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Have you ever experienced playing two identical instruments and note a difference in tone? Maybe one having a fat and lively tone and the other sounding more neutral and weak despite the fact it is the same wood and model?

This difference belongs to the wood of the neck and to the way it "supports" the strings vibration.

On 99% of the guitars and basses you will test and play, the matching of the woods which compose the body and the neck is randomly made. You will be surprised to learn that it is possible to forecast the tone an instrument will deliver and tune it to our needs and taste by pre-selecting the wood used for the neck (or the neck itself if we are assembling an instrument) in order to achieve a superior sounding instrument that will tear the other's apart.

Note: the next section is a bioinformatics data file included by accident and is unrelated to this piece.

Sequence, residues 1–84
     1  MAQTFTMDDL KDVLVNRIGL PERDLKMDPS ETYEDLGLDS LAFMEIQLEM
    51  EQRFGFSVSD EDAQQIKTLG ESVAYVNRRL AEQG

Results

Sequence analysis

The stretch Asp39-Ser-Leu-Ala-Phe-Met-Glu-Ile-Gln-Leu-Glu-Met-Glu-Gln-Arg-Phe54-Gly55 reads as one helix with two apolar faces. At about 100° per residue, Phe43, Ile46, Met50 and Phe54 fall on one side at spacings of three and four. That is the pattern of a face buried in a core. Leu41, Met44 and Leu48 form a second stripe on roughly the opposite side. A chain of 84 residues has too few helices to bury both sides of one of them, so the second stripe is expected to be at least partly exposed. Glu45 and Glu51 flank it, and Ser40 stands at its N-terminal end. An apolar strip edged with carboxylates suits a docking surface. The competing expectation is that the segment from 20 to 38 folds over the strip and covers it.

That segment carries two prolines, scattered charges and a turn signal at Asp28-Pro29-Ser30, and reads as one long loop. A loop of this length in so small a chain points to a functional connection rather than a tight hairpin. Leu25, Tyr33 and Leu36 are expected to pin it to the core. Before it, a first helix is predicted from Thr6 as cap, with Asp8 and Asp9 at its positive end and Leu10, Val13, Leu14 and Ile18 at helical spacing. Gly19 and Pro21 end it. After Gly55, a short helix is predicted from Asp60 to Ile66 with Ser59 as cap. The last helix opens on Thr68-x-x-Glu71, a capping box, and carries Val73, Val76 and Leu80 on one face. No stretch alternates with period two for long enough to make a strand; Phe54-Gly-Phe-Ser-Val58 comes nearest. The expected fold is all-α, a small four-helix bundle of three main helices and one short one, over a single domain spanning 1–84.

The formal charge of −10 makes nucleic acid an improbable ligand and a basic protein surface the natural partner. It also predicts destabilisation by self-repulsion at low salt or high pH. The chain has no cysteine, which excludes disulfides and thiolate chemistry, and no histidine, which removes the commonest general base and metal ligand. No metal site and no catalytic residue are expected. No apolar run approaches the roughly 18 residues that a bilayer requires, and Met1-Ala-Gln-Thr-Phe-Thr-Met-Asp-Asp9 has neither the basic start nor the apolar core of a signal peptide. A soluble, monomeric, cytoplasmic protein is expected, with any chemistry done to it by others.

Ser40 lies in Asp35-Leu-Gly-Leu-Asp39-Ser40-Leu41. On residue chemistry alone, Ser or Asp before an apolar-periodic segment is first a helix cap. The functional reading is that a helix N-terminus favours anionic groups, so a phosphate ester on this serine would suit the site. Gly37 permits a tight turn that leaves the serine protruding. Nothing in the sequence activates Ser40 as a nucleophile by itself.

Tapping wood techinque image
Exlusive "SuperB 5" bass neck in Canadian hard rock maple.
The neck is the most important part of an instrument.

On the instruments where the neck is not preselected the contribution of the wood to the sound is generic and the overall tone mostly comes from the pickups and the hardware: this doesn't mean these instruments sound bad. Not at all. They simply sound normal. They do not have us WOWING.

Today we will see how to recognize and select superior timber woods for our instrument to achieve the finest tone possible. To do this we will use the Frudua tapping technique. THE TAPPING TECHNIQUE